An effective HIV-1 vaccine will likely require induction of broadly neutralizing antibodies (bnAbs). Many bnAbs exhibit poly/autoreactivity, and all accumulate high amounts of somatic mutations. While both traits appear important for bnAb specificity, they are likely related causally (with excess mutation capable of either creating or removing poly/autoreactivity), suggesting most or all bnAbs originate from B-cells that undergo negative selection at one point during affinity maturation. Furthermore, negative B-cell selection can occur through a myriad of potential mechanisms including apoptotic depletion, functional inactivation, or several distinct Ab variable heavy chain/variable light chain (VH/VL) modifying-processes, providing a global explanation for the general inability of HIV-1 infected subjects or vaccinees to elicit rapid and durable bnAb responses. Finally, poly/autoreactivity and high somatic mutation levels are potentially associated with pathogenicity, raising concerns that eliciting bnAbs with such traits may have clinically adverse effects. Thus, a critical question is whether poly/autoreactivity can be decoupled from broad neutralization specificity and whether the decoupling allows for a more efficient selection of bnAb B cell lineages during their maturation process. The overall objective of this proposal is to identify the minimal mutations required for poly/autoreactivity and neutralization breadth of nAbs and to assess whether poly/autoreactivity and neutralization breadth can be independently induced by immunization. The CH103 bnAb lineage has several features making it a unique, physiologically relevant model to explore this issue, including: a) its unmutated common ancestor (UCA) lacking poly/autoreactivity but developing these in later intermediate and mature Abs along with broad neutralization, b), experimental elucidation of its entire co-evolved viral and Ab clones, and c) relative to other CD4bs bnAbs, having less somatic mutations and being easier to elicit. We hypothesize that neutralization breadth and poly/autoreactivity are governed by different somatic mutations, and thus neutralization breadth can be decoupled from poly/autoreactivity for preferentially triggering desired neutralization clonal pathways. To test this central hypothesis, we will perform in vitro mutagenesis to systematically identify minimal mutations in CH103 lineage members responsible for broad neutralization and/or poly/autoreactivity. We will also use a novel CH103 UCA knock-in mouse model to determine in vivo evolutionary pathways of the CH103 bnAb lineage toward increased neutralization breadth and/or poly/autoreactivity and to evaluate the capacity of autologous Envs that can engage the CH103 bnAb lineage UCA and drive nAb maturation by gaining neutralization breadth and acceptable poly/autoreactivity. This study will lead to a better understanding of maturation pathways of the CH103 bnAb lineage, and results from this proposal will be critical in developing novel vaccine approaches for selectively eliciting bnAbs with desired specificities.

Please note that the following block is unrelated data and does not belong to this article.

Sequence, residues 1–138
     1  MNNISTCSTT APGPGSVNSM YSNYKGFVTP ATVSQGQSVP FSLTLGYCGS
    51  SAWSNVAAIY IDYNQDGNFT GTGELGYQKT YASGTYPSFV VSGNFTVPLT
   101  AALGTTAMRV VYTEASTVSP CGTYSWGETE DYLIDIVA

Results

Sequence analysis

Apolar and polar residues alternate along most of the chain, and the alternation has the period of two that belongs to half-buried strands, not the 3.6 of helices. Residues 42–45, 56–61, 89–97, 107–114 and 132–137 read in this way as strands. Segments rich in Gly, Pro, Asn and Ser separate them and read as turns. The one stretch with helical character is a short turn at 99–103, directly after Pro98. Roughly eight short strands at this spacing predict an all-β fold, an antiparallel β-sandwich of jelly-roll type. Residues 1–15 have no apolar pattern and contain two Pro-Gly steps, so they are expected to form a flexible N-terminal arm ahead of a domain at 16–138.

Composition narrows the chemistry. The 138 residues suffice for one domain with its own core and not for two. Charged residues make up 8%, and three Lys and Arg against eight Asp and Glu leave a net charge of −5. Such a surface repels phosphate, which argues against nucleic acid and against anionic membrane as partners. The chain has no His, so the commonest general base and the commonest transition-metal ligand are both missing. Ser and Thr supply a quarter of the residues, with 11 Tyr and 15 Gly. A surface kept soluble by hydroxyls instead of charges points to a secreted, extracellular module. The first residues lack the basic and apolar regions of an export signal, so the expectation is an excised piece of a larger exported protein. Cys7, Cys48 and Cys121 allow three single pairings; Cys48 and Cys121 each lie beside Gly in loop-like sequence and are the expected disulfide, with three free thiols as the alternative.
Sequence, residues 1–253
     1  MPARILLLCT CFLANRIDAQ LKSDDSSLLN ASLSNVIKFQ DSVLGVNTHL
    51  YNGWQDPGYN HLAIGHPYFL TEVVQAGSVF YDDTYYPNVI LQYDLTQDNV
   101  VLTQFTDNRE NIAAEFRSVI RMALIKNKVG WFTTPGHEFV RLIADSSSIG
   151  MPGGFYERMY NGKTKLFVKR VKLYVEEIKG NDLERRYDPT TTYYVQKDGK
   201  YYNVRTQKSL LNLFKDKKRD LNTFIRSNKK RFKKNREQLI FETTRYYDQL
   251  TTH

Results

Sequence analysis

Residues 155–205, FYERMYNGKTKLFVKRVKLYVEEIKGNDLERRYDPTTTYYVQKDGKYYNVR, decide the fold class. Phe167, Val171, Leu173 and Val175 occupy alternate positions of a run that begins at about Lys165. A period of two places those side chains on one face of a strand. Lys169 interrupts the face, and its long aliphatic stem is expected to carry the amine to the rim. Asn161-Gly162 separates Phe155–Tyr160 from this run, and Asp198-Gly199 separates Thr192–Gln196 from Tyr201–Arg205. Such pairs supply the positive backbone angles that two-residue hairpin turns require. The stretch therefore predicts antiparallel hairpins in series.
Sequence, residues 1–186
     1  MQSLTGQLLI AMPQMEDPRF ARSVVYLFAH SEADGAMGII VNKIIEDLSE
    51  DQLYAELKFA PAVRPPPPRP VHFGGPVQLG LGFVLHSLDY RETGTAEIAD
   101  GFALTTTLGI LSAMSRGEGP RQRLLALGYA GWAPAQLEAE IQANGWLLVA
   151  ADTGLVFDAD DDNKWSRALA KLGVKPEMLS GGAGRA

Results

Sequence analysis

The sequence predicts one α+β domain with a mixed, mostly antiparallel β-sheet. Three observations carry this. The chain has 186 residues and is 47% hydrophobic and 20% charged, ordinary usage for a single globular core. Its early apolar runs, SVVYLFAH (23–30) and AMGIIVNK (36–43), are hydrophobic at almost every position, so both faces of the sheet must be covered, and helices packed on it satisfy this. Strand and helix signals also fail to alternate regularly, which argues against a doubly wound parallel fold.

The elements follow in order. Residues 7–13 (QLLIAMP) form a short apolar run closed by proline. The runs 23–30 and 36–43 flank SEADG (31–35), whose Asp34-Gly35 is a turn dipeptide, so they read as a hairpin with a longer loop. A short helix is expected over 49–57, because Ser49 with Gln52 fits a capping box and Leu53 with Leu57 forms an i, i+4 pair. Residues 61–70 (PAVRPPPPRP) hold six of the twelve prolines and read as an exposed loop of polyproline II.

Public Health Relevance

The ability to induce broadly neutralizing antibodies (bnAbs) is likely critical for an effective HIV-1 vaccine, but remains an enormous challenge, at least in part because they all exhibit poly-/autoreactivity, and/or accumulate high somatic mutation levels, suggesting their negative B-cell selection occurred at one point in their generation. This proposal will identify the minimal mutations required for poly-, auto-, and neutralization specificities of a representative bnAb directed to the CD4-binding site, and will use a novel mouse strain engineered to express its unmutated precursor to evaluate which combinations can feasibly and safely be driven by immunization. These experiments will provide significant insight in developing novel vaccine approaches for eliciting bnAbs, including identifying mutations acquired during affinity maturation that mitigate tolerizing/ pathogenic components of poly-/autoreactivity, while retaining bnAb specificity.

National Institute of Health (NIH)
National Institute of Allergy and Infectious Diseases (NIAID)
Research Project (R01)
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AIDS Immunology and Pathogenesis Study Section (AIP)
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Mcdonald, David Joseph
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Duke University
Internal Medicine/Medicine
Schools of Medicine
United States
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Verkoczy, Laurent (2017) Humanized Immunoglobulin Mice: Models for HIV Vaccine Testing and Studying the Broadly Neutralizing Antibody Problem. Adv Immunol 134:235-352
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Williams, Wilton B; Zhang, Jinsong; Jiang, Chuancang et al. (2017) Initiation of HIV neutralizing B cell lineages with sequential envelope immunizations. Nat Commun 8:1732
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